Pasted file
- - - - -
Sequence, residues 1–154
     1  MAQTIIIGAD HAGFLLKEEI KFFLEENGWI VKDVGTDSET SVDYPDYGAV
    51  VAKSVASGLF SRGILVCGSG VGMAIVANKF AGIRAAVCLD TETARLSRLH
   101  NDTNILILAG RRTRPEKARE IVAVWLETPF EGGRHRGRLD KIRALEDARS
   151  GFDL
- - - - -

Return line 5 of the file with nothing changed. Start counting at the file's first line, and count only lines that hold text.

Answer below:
   151  GFDL